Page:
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Judge strikes down Miami Beach short-term rental law


Miami Beach condo

A Miami-Dade circuit court judge has invalidated Miami Beach’s short-term rental law, based on the fines of $20,000 or more that the city imposes for breaking the law. However, the city has appealed the ruling. Until an appellate court rules on the case, the law is still in effect and the city plans to enforce it.

Miami Beach started levying its steep fines, which start at $20,000 and run up to a maximum of $100,000, in 2016 in an effort to deter illegal short-term rentals. Last year, the Goldwater Institute filed a lawsuit challenging the law on behalf of Miami Beach short-term rental operator Natalie Nichols.

Judge Michael Hanzman ruled that the city’s fines are in “jarring conflict with [state law] and are therefore illegal and unenforceable.” Local governments may not fine residents more than $1,000 a day for code violations, according to Florida state law.

While the judge’s ruling focused on the fines, he struck down the whole law. If his ruling stands, it could be difficult for the city to regulate short-term rentals. The state Legislature made it illegal for cities to create their own vacation rental rules in 2011. Those cities with rules already on the books, like Miami Beach, were exempted, but Miami Beach may not be able to pass a new law.

Miami Beach bans short-term rentals in residential neighborhoods and only allows them in a few areas. While about 4,500 Miami Beach vacation rentals are advertised on Airbnb, fewer than 1,000 short-term rentals are registered with the city. The city has tripled the number of short-term rental investigations over the past five years and issued approximately $8 million in fines. As of June, Miami Beach had only collected around $500,000 of that amount.

Airbnb recently made an agreement with Miami Beach that makes it easier for the city to enforce its existing short-term rental law. As part of a lawsuit settlement, Airbnb must include city-issued business tax receipt numbers and resort tax registration certificate numbers on every Miami Beach listing.

The city recently announced that short-term rental hosts who provide false business license numbers in advertisements can face criminal prosecution, with penalties of up to 60 days of jail time and/or a $500 fine.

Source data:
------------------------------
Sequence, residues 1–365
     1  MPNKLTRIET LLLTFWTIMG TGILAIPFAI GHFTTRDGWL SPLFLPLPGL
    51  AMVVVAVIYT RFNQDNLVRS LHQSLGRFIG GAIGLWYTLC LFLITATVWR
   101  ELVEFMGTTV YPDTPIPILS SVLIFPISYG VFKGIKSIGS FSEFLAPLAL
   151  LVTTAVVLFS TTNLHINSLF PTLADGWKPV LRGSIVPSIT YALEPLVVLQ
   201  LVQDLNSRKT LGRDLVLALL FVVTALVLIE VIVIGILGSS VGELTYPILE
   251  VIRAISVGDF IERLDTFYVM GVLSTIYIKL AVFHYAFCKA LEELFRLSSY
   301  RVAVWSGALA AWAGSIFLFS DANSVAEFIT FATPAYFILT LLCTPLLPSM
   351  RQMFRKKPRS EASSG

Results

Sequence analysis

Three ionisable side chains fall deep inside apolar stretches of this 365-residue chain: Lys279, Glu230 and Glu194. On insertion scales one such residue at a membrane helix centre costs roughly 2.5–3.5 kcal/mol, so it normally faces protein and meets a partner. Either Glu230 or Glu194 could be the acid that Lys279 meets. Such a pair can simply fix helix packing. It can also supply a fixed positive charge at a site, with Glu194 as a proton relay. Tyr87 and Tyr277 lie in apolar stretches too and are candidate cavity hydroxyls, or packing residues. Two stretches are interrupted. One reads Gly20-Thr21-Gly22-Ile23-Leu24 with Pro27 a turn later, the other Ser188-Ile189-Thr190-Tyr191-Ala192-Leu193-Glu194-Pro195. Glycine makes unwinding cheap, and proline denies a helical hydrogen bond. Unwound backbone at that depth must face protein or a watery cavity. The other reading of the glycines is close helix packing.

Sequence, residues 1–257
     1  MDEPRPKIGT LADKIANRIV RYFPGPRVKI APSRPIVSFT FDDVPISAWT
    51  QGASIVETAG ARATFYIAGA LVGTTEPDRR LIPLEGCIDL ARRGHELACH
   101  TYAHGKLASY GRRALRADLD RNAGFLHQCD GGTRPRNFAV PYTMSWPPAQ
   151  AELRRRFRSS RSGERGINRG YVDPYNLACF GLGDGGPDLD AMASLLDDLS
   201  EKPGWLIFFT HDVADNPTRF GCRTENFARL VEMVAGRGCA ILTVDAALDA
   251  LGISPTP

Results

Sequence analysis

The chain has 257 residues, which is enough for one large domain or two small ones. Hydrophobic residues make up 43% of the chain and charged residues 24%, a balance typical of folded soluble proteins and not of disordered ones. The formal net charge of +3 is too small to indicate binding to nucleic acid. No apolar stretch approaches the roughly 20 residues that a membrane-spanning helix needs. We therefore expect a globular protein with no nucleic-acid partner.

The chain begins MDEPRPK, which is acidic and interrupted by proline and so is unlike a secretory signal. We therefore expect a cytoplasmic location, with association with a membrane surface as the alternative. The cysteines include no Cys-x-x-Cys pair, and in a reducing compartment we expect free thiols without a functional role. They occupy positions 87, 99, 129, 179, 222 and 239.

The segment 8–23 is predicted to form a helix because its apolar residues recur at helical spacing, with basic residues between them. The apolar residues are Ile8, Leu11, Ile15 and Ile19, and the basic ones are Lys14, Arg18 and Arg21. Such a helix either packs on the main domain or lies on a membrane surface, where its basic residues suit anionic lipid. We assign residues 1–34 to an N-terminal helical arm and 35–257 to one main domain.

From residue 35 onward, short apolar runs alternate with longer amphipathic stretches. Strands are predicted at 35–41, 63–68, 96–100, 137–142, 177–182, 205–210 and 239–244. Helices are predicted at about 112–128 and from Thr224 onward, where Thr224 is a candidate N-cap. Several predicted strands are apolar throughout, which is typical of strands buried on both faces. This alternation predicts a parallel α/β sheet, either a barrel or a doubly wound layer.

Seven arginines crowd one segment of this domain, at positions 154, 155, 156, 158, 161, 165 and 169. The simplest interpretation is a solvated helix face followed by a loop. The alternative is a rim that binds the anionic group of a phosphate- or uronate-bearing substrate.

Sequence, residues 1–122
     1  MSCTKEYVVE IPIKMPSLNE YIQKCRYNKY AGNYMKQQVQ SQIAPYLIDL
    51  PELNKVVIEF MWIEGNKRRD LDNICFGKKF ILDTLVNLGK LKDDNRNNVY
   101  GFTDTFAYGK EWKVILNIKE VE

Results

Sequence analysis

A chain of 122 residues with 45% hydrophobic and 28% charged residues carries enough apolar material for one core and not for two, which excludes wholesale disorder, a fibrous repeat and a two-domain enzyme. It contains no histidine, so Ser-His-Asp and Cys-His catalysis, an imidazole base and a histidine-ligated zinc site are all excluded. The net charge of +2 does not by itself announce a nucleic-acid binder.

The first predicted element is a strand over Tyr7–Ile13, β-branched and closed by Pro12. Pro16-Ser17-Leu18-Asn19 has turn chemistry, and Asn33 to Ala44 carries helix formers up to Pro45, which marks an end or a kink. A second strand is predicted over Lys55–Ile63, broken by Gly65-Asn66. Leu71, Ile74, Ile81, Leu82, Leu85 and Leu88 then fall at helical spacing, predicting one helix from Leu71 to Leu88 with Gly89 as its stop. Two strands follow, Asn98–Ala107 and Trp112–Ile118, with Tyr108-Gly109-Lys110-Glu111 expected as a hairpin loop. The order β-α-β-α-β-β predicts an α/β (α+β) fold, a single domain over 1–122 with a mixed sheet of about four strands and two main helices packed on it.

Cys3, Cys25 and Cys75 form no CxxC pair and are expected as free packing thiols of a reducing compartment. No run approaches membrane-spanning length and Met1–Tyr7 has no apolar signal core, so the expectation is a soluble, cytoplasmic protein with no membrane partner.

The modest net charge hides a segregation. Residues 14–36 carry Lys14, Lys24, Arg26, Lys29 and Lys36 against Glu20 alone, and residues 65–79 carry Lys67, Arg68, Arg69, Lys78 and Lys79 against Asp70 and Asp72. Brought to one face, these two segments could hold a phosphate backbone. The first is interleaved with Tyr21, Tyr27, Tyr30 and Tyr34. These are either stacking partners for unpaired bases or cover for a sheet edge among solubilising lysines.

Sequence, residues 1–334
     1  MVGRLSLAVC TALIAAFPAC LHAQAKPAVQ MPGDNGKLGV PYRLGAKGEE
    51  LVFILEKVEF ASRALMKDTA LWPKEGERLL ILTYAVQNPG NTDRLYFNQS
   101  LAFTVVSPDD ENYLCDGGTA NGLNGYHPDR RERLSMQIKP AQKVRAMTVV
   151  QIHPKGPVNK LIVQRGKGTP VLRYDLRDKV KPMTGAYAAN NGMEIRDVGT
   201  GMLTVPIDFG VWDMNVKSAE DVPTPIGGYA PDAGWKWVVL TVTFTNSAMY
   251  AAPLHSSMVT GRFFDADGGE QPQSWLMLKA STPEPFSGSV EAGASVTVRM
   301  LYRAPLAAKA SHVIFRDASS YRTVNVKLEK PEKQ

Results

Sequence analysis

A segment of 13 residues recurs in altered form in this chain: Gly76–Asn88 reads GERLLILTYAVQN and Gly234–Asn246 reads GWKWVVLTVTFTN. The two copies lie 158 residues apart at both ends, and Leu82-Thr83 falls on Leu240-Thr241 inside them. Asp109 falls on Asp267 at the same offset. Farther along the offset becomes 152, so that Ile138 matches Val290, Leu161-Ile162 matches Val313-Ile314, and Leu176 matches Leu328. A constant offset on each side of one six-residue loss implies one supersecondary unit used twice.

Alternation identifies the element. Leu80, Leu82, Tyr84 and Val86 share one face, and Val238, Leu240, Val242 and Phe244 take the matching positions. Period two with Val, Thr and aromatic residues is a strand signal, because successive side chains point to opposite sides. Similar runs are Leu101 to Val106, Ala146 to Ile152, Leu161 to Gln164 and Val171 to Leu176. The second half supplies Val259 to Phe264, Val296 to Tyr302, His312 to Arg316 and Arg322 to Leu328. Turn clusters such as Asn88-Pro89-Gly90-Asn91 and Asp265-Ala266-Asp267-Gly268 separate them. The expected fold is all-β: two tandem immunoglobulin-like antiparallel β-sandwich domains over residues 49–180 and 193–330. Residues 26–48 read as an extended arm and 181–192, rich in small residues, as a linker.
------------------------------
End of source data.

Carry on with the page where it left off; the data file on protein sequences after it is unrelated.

Along with obtaining business and tax licenses, Miami Beach vacation rental hosts are required to collect lodging taxes from guests for the city, Miami-Dade County, and the state, then pass them on to tax authorities.

Airbnb and Vrbo collect state and Miami-Dade County lodging taxes on behalf of their hosts, but they do not collect Miami Beach city taxes, so hosts are responsible for taking care of those themselves.

MyLodgeTax can help vacation rental hosts automate and simplify lodging tax compliance at the city, county, and state level, including tax registration and filing. For more on vacation rental lodging taxes in Florida, see our state Vacation Rental Tax Guide. If you have tax questions related to vacation rental properties, drop us a line and we’ll get back to you with answers.    


Lodging tax rates, rules, and regulations change frequently. Although we hope you'll find this information helpful, this blog is for informational purposes only and does not provide legal or tax advice.
Avalara Author
Jennifer Sokolowsky
Avalara Author Jennifer Sokolowsky
Jennifer Sokolowsky writes about tax, legal, and tech topics. She has an extensive international background in journalism and marketing, including work with The Seattle Times, The Prague Post, Avvo, and Marriott.